Eatock, Colin – Chamber Music02-Eatock
Various Artists
Centrediscs CMCCD 17812

Toronto-based renaissance artist Colin Eatock is successful and thought provoking at whatever he attempts. As a writer and critic, he is thorough and relentless at unearthing the truth. As a composer, he is justified in his acknowledgement of such musical influences as Shostakovich, Messiaen and Crumb, as he experiments and develops the truth of his own sound.

The six works featured here were composed from 1987 to 2010, and are colourful examples of his favourite musical worlds. Eatock is strongest in the three vocal works. Especially noteworthy is the final movement of Three Songs from Blake’s “America” (1987). The transparent piano part exposes the bass-baritone (Andrew Tees) in a haunting hummable melody. This ethereal sparse quality again surfaces in the “Elegy” movement of the Suite for Piano (1995) performed by Timothy Minthorn. The stillness of this movement is a welcome rest after the previous jaunty Toccata with its movie music chase lines.

Eatock’s compositions are carefully written works that accommodate the performer while pushing them to enter his harmonic nuances. All the musicians on this studio release recorded at various times since 1999 are superb in their interpretations. Recording quality is of an equally high standard.


Premieres: Music by Bruce Broughton, Ronald Royer and Kevin Lau
Conrad Chow; Sinfonia Toronto;
Ronald Royer; Bruce Boughton
Cambria Master RecordingsCD-1204

The concept of this project is new works that are inspired by earlier musical styles. Bruce Broughton’s Triptych: Three Incongruities for violin and chamber orchestra (in this case 15 solo instruments) is essentially a type of concerto, with each movement written in a different style. Thus, we hear influences of J.S. Bach’s violin music in the first movement, Prokofiev and more romantic expressions in the second and rhythmic, dance-like elements of Scottish fiddle music in the third. Another composition by Broughton, Gold Rush Songs, is based on three American songs associated with the California Gold Rush.

Ronald Royer’s Rhapsody displays influences of French impressionism and Spanish violin music, among others, with mysterious elements in the first movement and more rhythmic expressions in the second. Royer’s In Memoriam J.S. Bach is based on different motifs from Bach’s works. Sarabande is expressive, even romantic at times, while Capriccio carries playfulness coupled with recognizable Bach rhythms.

Joy for solo violin and string orchestra by Kevin Lau is a lyrical, meditative piece that lets the soloist explore different colours and textures. Conrad Chow’s tone has a wonderful quality of sweetness, which is most prominent in Chopin’s Nocturne in C-Sharp Minor, No.20 Op. posth., the encore piece on the album. His playing is rhythmical and precise, and he easily traverses the variety and depth of expression in each piece.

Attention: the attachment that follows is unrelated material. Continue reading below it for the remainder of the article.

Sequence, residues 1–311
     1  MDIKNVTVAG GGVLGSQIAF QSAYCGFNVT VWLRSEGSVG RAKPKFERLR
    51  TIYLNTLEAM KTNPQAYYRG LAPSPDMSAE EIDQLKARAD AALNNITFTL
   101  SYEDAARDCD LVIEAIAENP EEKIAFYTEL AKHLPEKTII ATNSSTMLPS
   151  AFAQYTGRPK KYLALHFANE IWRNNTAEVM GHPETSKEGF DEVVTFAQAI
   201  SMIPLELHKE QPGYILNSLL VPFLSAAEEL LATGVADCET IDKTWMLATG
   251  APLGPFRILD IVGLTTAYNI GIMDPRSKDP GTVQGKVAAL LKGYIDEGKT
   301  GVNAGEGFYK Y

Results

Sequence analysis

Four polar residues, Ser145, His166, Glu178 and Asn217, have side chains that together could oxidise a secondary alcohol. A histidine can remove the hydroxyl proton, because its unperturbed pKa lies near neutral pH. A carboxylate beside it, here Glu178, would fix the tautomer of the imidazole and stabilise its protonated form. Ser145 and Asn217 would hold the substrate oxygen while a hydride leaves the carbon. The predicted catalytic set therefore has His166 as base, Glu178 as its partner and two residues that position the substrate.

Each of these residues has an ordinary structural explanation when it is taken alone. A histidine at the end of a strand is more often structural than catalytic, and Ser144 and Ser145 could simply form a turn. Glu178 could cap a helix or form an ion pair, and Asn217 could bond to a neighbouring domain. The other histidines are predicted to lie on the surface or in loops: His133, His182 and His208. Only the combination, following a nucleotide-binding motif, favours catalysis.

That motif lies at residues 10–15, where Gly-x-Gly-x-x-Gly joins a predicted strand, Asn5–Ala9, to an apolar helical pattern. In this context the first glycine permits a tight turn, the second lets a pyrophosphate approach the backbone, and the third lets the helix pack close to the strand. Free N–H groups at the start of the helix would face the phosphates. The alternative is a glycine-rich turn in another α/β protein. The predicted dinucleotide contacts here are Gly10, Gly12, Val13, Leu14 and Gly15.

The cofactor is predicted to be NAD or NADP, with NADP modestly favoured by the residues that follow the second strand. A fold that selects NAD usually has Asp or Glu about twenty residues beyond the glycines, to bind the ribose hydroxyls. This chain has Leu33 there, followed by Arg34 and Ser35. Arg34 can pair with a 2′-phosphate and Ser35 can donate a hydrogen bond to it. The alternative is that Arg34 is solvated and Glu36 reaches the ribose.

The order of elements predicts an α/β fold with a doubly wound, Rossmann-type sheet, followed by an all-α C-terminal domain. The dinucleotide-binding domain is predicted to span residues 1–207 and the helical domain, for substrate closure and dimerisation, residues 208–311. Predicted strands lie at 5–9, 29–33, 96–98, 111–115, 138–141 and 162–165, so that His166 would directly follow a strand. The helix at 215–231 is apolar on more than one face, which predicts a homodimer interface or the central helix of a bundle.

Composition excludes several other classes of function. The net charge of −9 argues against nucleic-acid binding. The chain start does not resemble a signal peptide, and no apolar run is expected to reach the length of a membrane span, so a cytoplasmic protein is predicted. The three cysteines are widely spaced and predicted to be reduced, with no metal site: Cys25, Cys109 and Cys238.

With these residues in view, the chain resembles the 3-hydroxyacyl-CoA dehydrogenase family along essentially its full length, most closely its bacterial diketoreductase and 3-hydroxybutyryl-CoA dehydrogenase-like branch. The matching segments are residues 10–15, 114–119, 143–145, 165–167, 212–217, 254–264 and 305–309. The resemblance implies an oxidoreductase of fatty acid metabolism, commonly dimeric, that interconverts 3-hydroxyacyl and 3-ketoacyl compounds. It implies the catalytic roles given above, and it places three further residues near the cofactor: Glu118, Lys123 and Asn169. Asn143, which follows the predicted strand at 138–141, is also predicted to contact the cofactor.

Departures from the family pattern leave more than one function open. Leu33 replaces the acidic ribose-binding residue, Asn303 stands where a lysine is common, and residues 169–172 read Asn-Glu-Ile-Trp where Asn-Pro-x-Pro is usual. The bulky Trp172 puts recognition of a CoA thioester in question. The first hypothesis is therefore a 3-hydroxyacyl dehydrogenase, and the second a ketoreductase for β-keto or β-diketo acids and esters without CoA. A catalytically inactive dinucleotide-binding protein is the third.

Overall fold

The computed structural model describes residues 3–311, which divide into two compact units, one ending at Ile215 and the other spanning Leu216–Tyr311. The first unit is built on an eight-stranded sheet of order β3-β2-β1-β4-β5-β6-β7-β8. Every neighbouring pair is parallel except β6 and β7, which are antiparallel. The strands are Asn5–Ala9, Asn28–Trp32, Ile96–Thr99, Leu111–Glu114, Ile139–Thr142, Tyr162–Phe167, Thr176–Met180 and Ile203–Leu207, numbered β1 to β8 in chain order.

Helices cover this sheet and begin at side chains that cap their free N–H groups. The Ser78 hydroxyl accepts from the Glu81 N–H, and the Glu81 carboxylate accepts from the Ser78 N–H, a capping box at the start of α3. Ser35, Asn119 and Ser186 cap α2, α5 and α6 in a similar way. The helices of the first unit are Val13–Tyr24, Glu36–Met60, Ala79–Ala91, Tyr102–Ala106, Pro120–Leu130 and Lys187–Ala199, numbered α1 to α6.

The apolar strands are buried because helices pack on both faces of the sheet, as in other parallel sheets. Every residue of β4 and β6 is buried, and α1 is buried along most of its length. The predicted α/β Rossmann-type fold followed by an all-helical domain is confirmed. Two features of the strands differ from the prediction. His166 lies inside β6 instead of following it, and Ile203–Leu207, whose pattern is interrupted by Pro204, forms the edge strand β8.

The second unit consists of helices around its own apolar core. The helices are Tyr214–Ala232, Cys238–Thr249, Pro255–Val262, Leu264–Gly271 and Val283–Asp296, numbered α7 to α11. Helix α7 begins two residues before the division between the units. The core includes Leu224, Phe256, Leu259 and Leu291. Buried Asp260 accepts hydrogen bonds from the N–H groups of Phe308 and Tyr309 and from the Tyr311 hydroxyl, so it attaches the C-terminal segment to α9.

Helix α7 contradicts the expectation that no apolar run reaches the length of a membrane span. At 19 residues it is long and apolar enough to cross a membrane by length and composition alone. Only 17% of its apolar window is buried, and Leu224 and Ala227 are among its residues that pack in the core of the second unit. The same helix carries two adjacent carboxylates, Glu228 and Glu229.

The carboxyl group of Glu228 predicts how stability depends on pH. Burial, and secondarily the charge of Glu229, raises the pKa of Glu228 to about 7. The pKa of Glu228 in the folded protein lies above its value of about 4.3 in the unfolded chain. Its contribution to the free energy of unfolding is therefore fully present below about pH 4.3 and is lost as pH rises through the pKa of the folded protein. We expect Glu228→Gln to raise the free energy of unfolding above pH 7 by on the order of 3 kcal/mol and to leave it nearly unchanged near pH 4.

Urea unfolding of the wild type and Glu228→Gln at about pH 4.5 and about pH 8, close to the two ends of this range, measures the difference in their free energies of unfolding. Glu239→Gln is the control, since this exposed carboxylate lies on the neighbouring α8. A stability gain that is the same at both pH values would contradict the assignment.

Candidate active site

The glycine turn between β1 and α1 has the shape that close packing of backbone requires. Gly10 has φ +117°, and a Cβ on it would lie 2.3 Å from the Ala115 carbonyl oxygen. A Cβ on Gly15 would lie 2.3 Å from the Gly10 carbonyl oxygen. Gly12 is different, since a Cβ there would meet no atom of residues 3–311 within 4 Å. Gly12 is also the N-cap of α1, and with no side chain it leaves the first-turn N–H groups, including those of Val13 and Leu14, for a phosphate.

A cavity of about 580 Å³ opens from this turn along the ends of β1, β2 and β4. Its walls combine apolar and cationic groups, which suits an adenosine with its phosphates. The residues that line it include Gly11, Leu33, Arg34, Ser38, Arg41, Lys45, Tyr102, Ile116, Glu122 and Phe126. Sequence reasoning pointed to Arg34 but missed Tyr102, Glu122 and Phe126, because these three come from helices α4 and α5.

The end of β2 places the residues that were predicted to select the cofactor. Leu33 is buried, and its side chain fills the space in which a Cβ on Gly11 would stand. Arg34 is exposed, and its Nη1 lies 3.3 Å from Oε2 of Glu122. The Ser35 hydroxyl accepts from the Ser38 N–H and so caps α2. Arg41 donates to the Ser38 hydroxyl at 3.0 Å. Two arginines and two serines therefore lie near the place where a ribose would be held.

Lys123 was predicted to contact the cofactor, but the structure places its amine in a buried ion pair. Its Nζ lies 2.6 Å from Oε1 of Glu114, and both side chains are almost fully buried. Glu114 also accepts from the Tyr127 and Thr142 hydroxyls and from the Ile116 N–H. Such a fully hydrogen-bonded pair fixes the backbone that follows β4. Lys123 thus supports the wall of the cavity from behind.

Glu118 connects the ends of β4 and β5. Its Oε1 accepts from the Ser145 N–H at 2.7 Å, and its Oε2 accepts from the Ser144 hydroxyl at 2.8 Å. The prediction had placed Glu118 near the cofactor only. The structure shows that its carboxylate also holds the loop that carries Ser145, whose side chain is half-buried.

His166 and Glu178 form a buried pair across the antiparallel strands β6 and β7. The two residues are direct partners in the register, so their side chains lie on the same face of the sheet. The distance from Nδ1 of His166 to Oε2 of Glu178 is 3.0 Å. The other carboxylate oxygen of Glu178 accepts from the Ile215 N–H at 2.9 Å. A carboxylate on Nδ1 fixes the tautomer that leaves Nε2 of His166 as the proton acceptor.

Some may argue that contemporary classical music should be forward-looking and not an evocation of the styles and musical tastes of the past. This, however, should not limit the scope of creativity and inspiration, which can spring from all objects and times. If your musical tastes enjoy revisiting compositional styles of the previous centuries while using contemporary expressions and techniques, this recording is a wonderful opportunity to hear Toronto composers in collaboration with Toronto musicians.


Beatriz Boizán
Galano Records

Latin American piano music is not commonly found on record. Even the Brazilian master, Hector Villa-Lobos, only sometimes gets acknowledged for his piano output. How refreshing then, that the Cuban-born Canadian pianist Beatriz Boizán has decided to change this on her debut disc. Oh, sure, there is an occasional Soler and Albeniz here, but the spirit of this album is an unbridled fiesta. The pianist has a light, precise touch that serves her well in the break-neck pace of some of the pieces, and infuses the whole with a sense of fun.

Most of the pieces will be both unfamiliar and very familiar at the same time, as they reflect the region’s tradition of rhythmic dance. Whether filled with carnival fervor or moments of whimsy, the music of Lecuona, Cervantes and Ginastera shimmers with light and colour — and of course, the “Passion” of the title. This delightful disc is a musical equivalent of sangria— a perfect accompaniment to a hot summer evening. Muy caliente!


English Recorder Concertos
Michala Petri; City Chamber Orchestra Hong Kong; Jean Thorel
OUR Recordings6.220606

Of the many works written for the recorder over the last century, few of the neo-classical or neo-impressionist examples ever make it onto concert programs or CDs, so it’s good to see the release of this recording. Opening the program is Richard Harvey’s Concerto Incantato, written for soloist Michala Petri in 2009. Using a variety of sizes of recorder over five movements, Harvey writes beautifully for the instrument and the piece also sweetly reflects his sensibilities as a composer for film and television. Here’s hoping that the piece receives more performances by recorder players around the world!